Rosebay willow herb’s seeds are distributed by the wind and as trains supply a regular amount of the stuff the seeds are blown from here toPenzance.  A quick trip up the Scots monument also reaffirms the notion that even without trains Edinburgh has more than its fair share of wind thus further spreading this plant’s seed.

The dried leaves of Rosebay Willow Herb can be used as a tobacco substitute, but having quit smoking a few months back it’s not one I really intend to try. I have, however, tried an infusion made from the leaves, which is supposed to help asthmatics and it is somewhat agreeable, although as with most herb ‘teas’ it’s helped with a little honey.

Wandering into one of the graveyards off the High Street I contemplated the fate of Robert Fergusson, one of the greatest but least recognised Scottish poets, as I munched into some freshly picked cherries. I also contemplated as to whether the roots of the cherry really did enter into his coffin and hoped that I could absorb at least part of his genius without ending up in the old Darien House (Mental Asylum) as he did.

Staying with a slightly morbid theme, it is certainly noteworthy that graveyards are some of the best places to forage for wild foods and generally the older the better. Unlike parks and other public areas they are often unmanaged (although I am not saying the ones in Edinburgh are), and moreover they are protected areas that not many people visit and thus a wild food haven.  However, if a grave or crypt does have something growing on it that does look managed and is less than 50 years old perhaps best to leave it alone than to munch on to save offence – how would you like to see someone munching around a loved one’s grave?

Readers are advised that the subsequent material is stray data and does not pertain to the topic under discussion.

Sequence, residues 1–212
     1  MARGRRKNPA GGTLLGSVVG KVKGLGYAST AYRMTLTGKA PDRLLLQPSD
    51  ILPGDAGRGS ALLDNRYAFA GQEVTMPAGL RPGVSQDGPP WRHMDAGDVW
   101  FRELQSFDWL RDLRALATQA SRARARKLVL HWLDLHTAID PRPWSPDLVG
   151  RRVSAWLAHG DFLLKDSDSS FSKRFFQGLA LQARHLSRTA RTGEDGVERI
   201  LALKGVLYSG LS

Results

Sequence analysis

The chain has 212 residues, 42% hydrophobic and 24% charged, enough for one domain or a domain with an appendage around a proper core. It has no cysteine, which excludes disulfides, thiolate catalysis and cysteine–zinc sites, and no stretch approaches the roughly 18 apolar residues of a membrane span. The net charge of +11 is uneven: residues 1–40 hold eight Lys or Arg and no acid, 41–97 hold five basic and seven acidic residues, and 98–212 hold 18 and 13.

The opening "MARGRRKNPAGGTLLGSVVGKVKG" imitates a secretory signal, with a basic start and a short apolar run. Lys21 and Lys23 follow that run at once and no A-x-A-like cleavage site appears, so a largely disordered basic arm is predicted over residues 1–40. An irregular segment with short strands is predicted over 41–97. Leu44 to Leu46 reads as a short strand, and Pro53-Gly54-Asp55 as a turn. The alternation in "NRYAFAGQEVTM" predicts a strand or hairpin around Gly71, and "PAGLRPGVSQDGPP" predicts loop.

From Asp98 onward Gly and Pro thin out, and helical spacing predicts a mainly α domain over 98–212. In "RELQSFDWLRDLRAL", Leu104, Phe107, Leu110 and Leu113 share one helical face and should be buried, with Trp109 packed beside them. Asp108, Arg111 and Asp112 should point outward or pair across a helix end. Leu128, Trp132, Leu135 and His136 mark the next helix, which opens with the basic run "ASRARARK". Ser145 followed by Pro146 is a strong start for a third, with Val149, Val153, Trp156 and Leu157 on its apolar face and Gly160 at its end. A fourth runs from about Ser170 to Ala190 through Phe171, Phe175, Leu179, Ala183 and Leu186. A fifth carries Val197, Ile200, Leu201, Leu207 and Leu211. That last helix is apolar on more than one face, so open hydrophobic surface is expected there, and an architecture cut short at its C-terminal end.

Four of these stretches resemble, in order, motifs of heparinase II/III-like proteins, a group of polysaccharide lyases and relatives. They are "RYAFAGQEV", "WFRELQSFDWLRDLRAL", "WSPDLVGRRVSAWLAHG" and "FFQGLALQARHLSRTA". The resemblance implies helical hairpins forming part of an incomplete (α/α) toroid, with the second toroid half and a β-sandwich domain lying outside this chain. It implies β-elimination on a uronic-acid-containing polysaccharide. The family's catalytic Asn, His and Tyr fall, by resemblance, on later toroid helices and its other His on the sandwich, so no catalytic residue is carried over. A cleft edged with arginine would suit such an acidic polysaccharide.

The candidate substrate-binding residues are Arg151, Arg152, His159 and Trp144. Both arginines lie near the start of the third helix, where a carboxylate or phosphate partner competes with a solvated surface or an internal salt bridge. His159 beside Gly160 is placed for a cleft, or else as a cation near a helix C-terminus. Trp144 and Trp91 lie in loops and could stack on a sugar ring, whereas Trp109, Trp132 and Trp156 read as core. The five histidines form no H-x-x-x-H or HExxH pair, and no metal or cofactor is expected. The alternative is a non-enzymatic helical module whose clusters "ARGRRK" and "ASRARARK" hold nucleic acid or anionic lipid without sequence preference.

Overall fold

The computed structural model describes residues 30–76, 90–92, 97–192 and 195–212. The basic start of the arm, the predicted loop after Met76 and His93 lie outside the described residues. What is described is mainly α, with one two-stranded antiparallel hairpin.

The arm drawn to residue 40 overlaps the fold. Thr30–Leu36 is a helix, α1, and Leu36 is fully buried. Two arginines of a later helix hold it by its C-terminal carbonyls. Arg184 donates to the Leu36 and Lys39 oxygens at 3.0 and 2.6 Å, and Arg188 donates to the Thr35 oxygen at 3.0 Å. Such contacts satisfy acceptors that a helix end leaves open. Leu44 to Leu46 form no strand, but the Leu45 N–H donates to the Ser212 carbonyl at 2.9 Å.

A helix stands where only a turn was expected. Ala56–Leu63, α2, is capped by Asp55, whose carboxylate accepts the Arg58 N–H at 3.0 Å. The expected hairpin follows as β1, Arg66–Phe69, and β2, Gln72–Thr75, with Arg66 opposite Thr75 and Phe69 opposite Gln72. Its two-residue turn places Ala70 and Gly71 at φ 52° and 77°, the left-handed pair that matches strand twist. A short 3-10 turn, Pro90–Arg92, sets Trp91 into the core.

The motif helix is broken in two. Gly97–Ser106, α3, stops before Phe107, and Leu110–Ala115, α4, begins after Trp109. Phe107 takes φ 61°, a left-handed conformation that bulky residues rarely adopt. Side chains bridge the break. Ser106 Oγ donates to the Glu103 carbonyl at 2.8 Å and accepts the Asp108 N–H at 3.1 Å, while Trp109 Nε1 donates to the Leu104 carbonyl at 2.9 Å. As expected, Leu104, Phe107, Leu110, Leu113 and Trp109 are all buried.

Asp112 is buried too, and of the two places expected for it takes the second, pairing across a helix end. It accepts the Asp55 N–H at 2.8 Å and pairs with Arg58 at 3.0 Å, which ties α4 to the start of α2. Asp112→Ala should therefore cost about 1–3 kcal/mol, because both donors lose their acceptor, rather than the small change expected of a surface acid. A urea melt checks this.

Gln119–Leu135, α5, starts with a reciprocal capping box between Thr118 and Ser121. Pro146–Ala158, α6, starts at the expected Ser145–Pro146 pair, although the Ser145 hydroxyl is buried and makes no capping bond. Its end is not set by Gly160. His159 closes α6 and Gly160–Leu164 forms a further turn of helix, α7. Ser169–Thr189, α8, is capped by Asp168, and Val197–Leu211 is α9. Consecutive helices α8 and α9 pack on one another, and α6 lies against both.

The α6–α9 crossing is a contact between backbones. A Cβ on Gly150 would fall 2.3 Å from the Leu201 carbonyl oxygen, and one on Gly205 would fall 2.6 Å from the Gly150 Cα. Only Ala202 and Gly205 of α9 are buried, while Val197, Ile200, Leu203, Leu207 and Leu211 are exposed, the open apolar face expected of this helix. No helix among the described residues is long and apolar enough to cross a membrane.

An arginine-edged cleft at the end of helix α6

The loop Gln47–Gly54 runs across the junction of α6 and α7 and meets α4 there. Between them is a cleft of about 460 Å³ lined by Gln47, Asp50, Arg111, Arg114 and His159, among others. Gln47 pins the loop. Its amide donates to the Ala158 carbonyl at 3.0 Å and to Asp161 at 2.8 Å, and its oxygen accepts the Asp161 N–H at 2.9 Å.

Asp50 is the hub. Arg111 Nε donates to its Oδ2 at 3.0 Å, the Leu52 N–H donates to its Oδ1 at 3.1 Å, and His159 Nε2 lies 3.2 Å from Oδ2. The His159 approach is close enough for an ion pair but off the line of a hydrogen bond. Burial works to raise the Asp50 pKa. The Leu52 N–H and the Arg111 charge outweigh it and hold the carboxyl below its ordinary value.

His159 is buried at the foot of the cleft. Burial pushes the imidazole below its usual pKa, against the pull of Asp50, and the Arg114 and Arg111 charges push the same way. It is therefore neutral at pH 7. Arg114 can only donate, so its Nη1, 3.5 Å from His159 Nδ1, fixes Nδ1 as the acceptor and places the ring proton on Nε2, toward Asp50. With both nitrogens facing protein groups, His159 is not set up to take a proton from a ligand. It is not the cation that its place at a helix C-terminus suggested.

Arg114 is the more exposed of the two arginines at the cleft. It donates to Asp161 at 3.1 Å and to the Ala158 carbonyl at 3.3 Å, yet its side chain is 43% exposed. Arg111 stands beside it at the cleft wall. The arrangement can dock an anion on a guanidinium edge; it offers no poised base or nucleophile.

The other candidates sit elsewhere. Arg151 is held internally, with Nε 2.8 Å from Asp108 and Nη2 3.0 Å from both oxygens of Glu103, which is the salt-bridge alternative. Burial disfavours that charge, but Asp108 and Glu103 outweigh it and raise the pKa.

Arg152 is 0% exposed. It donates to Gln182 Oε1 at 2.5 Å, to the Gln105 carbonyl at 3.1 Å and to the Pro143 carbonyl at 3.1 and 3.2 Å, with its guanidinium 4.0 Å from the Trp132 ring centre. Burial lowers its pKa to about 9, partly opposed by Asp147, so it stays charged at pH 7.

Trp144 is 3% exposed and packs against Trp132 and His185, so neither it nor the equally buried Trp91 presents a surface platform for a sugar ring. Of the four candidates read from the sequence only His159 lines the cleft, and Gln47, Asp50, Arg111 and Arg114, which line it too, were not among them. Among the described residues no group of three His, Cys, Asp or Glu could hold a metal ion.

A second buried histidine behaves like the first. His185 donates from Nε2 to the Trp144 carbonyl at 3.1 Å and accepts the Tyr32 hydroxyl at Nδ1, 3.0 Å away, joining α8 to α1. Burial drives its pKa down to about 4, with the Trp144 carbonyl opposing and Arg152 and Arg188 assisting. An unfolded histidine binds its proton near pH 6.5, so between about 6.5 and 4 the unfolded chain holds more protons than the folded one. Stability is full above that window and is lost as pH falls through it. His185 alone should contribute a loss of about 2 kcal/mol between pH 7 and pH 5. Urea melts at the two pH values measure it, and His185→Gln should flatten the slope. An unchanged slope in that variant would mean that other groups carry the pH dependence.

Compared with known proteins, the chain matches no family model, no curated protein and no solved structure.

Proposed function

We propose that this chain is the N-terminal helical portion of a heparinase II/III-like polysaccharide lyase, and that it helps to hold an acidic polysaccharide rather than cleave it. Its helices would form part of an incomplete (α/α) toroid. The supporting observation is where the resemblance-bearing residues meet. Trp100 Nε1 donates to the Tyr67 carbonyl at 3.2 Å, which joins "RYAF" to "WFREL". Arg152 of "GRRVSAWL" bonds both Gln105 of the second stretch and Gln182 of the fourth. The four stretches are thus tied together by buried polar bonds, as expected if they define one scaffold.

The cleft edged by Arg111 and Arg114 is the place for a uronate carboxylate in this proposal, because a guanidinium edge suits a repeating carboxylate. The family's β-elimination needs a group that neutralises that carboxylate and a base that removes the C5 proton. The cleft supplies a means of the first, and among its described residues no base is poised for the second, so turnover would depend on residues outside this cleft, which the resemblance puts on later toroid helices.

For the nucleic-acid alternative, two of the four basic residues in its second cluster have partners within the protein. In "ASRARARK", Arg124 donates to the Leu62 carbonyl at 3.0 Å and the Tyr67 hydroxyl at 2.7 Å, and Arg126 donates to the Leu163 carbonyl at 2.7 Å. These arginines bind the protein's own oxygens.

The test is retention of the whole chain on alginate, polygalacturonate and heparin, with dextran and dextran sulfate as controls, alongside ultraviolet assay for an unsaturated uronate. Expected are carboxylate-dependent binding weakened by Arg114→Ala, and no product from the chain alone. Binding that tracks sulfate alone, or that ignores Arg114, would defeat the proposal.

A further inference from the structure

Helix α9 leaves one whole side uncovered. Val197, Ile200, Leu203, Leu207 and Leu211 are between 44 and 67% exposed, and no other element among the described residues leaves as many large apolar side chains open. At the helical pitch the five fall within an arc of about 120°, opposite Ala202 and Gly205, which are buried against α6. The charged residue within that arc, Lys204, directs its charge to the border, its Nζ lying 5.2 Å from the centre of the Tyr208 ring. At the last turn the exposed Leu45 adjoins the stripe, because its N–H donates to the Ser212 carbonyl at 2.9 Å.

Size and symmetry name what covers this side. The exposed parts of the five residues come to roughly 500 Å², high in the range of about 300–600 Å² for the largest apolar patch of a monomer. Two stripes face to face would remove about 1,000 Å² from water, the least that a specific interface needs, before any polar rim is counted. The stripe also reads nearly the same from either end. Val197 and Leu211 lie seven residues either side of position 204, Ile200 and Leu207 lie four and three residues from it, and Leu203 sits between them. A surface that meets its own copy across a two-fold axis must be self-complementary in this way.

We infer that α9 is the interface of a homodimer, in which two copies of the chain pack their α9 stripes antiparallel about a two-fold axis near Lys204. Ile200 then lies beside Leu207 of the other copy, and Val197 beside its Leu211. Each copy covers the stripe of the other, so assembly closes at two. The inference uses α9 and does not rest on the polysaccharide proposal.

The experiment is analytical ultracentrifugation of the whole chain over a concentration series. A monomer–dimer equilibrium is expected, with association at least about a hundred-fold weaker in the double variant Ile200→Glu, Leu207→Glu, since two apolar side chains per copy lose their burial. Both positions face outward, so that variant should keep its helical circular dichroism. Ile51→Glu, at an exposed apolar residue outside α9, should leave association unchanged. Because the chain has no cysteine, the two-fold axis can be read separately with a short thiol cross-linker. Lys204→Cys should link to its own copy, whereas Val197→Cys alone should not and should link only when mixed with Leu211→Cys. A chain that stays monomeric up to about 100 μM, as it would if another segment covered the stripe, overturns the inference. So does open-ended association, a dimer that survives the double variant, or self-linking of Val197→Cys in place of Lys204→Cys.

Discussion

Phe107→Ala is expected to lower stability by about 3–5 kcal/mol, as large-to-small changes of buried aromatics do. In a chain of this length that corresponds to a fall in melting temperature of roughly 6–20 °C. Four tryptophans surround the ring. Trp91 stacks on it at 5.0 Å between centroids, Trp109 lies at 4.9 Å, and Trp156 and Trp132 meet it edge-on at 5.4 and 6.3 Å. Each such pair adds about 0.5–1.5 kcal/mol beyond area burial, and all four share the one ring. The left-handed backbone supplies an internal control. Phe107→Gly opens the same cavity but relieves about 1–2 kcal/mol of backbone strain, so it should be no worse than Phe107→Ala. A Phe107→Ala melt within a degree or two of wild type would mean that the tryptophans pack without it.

I digress. In just a brief walk around one of the more famous graveyards I found Rosemary, Rosehips, clover, common plantain, marjoram, lime trees and mallow to name just a few of the more easily recognisable wild foods.

There is more to Edinburgh than eating the dead and so I headed off back to Waverly station to check out the ocean’s larder. Well I also had an ulterior motive; I had seen the Forth rail bridge being painted on Blue Peter when I was a child and it had so impressed me that I needed no real excuse to go and see it up close.  I found a little ‘beach’ under the bridge on the North Queensferry side and started to look for food. I was amazed to find a lobster claw almost immediately, but without having a lobster pot on me or indeed having enough time to leave it there overnight, the lobster was the one that got away.

In fact the crab that ran over my boot also got away so did the oysters, snails and mussels and rabbits that I saw whilst in North Queensferry.  I like to know how to live off some of the wild animals and marine life but it does not necessarily mean that I will go around killing and eating them. Indeed I know that if you throw a rock in the air with a bit of food around it a passing seagull will swoop down, eat it and the change in weight will bring him down for you lunch. I also know that you can eat slugs and worms if you starve them for a couple of days – who knows, it might be things like this that will save my life one day but let’s hope that it not too soon.

I prefer to stick to food without a pulse when foraging especially when I am with my vegetarian girlfriend and of course as on any seafront there was food aplenty, namely seaweed in which this beach was covered. Most sea weeds are edible but remember to ensure there is still some left next year: seaweed should only be cut up to twice a year leaving the roots attached to rocks. The most common you will find, and here being no exception, is Bladder Wrack which can be washed and simmered then served up with your Sunday roast. Seriously don’t knock it until you have tried it.